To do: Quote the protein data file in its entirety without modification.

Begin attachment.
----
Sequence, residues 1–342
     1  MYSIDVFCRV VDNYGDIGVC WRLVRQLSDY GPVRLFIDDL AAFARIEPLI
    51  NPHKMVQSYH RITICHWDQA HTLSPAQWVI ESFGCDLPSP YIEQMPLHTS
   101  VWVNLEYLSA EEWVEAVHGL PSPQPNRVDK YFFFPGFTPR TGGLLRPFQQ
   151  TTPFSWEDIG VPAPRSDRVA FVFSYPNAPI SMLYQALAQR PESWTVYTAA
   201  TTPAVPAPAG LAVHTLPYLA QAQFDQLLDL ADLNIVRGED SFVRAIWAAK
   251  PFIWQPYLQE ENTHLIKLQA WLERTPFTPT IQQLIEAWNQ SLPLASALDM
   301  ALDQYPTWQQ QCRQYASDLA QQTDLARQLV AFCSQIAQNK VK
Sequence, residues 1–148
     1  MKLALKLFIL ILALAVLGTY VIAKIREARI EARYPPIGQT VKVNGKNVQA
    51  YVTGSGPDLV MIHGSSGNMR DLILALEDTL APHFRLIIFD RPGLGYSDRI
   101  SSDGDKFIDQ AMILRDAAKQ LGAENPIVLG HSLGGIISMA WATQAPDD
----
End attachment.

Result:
Sequence, residues 1–342
     1  MYSIDVFCRV VDNYGDIGVC WRLVRQLSDY GPVRLFIDDL AAFARIEPLI
    51  NPHKMVQSYH RITICHWDQA HTLSPAQWVI ESFGCDLPSP YIEQMPLHTS
   101  VWVNLEYLSA EEWVEAVHGL PSPQPNRVDK YFFFPGFTPR TGGLLRPFQQ
   151  TTPFSWEDIG VPAPRSDRVA FVFSYPNAPI SMLYQALAQR PESWTVYTAA
   201  TTPAVPAPAG LAVHTLPYLA QAQFDQLLDL ADLNIVRGED SFVRAIWAAK
   251  PFIWQPYLQE ENTHLIKLQA WLERTPFTPT IQQLIEAWNQ SLPLASALDM
   301  ALDQYPTWQQ QCRQYASDLA QQTDLARQLV AFCSQIAQNK VK
Sequence, residues 1–148
     1  MKLALKLFIL ILALAVLGTY VIAKIREARI EARYPPIGQT VKVNGKNVQA
    51  YVTGSGPDLV MIHGSSGNMR DLILALEDTL APHFRLIIFD RPGLGYSDRI
   101  SSDGDKFIDQ AMILRDAAKQ LGAENPIVLG HSLGGIISMA WATQAPDD